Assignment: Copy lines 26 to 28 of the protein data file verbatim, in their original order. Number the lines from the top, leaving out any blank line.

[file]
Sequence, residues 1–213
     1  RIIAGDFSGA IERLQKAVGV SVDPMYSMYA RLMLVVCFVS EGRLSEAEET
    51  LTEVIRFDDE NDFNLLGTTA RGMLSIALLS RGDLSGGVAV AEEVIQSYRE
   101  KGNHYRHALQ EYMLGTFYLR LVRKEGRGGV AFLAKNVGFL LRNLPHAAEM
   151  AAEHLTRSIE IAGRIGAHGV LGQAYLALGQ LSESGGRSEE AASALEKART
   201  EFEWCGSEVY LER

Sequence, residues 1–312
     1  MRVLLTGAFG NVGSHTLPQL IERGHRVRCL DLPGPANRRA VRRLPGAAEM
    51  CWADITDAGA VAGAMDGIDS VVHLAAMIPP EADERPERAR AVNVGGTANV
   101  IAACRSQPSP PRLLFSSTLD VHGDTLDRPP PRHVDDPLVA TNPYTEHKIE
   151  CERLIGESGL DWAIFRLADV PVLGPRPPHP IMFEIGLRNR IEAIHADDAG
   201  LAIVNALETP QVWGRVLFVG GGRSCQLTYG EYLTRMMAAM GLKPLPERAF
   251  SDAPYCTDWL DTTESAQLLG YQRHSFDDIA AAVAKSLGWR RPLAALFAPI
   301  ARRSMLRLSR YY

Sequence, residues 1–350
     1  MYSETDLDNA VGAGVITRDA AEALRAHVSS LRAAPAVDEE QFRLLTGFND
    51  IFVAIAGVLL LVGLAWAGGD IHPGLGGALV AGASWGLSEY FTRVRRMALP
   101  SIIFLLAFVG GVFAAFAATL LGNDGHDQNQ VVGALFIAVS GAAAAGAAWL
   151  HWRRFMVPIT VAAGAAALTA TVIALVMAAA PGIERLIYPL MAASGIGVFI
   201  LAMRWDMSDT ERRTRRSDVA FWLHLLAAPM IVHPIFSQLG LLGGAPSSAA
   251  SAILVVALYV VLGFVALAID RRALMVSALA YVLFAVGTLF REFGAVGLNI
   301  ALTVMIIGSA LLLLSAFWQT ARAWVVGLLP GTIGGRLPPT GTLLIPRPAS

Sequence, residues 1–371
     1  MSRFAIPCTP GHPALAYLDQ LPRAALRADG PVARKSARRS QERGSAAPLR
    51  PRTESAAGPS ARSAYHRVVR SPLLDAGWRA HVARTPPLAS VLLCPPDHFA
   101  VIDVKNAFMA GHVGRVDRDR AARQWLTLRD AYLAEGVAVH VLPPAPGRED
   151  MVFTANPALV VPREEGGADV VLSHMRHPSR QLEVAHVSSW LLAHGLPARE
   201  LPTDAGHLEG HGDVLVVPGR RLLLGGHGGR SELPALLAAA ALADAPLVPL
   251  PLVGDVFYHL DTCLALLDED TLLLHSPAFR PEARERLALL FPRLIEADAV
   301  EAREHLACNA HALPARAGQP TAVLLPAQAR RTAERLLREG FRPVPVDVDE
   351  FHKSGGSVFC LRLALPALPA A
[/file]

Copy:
   101  VIDVKNAFMA GHVGRVDRDR AARQWLTLRD AYLAEGVAVH VLPPAPGRED
   151  MVFTANPALV VPREEGGADV VLSHMRHPSR QLEVAHVSSW LLAHGLPARE
   201  LPTDAGHLEG HGDVLVVPGR RLLLGGHGGR SELPALLAAA ALADAPLVPL